Privatised parking still a Garden State plan

Slowly but surely, New Jersey Transit is pushing along its private parking agenda. A RFP is likely in late autumn for a 30-to 50-year lease of some 37,000 parking spaces spread across the state.

A closely watched push to privatise commuter parking in New Jersey is making tentative progress.

A request for proposals (RFP) is set to go out in late autumn, according to Paul Wyckoff, chief of government and external affairs for New Jersey Transit (NJT).

NJT is the primary public transportation agency serving the Garden State, and has been arguing to privatise parking.

Wyckoff could not provide an exact date when NJT might issue its RFP, and could not speculate on how long NJT would need for its eventual selection process.

Wyckoff told Infrastructure Investor NJT has prequalified:

-Cintra;

-The Carlyle Group and Nexus Parking;

-Edison Parking;

-JPMorgan Asset Management and LAZ Parking;

-Kohlberg Kravis Roberts & Company (KKR) and Ampco Parking;

-Macquarie Group and Standard Parking;

-Morgan Stanley Infrastructure and Central Parking.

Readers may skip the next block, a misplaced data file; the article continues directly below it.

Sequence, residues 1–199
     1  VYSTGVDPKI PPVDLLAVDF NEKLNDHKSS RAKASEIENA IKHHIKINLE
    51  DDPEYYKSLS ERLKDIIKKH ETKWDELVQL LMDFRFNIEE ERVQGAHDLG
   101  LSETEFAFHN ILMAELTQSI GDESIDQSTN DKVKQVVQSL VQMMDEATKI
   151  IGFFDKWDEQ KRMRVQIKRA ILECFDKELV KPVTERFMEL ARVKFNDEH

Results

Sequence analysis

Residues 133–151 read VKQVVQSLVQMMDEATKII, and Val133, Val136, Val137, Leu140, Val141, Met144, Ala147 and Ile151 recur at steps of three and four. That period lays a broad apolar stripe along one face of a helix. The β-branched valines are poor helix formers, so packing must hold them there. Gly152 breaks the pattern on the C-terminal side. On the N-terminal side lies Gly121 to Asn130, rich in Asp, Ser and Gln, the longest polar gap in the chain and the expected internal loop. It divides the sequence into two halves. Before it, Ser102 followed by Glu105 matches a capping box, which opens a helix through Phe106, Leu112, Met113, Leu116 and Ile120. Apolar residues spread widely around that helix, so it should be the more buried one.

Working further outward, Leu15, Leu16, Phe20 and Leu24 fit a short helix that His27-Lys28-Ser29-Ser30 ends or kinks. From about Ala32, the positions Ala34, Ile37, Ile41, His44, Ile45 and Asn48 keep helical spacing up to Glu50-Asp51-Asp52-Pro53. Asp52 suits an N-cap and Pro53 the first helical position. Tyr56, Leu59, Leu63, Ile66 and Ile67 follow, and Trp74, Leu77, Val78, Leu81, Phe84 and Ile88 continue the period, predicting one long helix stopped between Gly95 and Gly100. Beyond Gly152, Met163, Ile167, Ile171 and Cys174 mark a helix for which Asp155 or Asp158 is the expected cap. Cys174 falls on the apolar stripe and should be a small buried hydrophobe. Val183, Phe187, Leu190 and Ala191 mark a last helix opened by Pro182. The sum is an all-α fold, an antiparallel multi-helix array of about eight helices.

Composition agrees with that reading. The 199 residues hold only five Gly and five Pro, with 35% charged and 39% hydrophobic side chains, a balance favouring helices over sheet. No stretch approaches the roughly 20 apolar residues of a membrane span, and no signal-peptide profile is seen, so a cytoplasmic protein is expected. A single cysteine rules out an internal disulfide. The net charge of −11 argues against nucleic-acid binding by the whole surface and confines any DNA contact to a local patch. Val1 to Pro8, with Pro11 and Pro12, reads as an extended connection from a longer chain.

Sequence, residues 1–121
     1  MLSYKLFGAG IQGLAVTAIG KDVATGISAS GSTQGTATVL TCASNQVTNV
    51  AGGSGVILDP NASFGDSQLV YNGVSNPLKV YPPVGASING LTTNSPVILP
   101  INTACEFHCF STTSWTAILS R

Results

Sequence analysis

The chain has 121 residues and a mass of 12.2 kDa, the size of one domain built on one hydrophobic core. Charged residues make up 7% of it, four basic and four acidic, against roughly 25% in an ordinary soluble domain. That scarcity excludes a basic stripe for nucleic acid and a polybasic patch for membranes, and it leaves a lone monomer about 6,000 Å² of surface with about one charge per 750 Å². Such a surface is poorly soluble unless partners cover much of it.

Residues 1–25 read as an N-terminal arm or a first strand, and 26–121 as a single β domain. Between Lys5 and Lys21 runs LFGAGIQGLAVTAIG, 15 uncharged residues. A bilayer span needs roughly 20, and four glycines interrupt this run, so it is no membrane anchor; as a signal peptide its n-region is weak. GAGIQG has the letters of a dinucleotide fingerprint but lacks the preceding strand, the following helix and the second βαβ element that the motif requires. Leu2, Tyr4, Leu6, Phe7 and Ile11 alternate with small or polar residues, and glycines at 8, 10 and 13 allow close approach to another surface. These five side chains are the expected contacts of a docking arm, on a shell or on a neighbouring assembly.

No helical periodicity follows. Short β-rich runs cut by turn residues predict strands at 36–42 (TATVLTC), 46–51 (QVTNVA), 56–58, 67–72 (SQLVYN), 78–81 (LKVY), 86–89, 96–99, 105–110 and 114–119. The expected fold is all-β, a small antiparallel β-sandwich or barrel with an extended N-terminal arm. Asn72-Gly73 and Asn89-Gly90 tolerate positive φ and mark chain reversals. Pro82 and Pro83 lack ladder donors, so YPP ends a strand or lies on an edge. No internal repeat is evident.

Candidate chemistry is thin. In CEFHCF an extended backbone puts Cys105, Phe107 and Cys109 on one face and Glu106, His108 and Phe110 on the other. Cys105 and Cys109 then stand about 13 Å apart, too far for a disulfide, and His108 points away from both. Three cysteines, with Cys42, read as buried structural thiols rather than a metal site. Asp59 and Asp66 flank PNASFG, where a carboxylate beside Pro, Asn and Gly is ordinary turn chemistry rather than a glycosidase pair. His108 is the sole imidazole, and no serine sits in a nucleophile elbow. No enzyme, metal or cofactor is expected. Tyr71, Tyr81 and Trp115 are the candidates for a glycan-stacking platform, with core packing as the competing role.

NJT whittled down its concessionaire shortlist to its current form in December.

Privatisation would entail NJT offering a long-term, 30-to-50-year concession on a 37,000-parking space package, spread throughout New Jersey.

NJT has dubbed the privatisation project 'SPACES,' short for System Parking Amenity and Capacity Enhancement Strategy.

NJT had first positioned SPACES as a possible solution to close a $100 million budget gap. But Wyckoff said the budget gap is no longer a factor in going forth with SPACES, claiming NJT is in “very solid financial shape”.

The agency is proceeding with SPACES in order to become less reliant on state funding, Wyckoff explained, and will use revenue from privatisation to reinvest in its transit system.

In New Jersey, a state where 10 percent of the workforce is dependent on public transportation, SPACES emerged as a hot-button issue.

Commuter concern centred on potential increase in the cost of parking. The question had also been raised that NJT might lease its parking for a fraction of its true value.

Chicago, itself a hotbed of privatised parking, underwent an average parking fee hike of 178 percent in 2008, with the increased cost occasionally nearing 350 percent.

In New Jersey, privatisation plan dovetailed with a record-setting 25 percent fare increase NJT enacted in May 2010 – a decision that stoked commuter outrage evidenced in a heated public hearing in Newark, N.J., where NJT is headquartered.

Wyckoff pointed out NJ Transit is now seeking to stabilize its fare.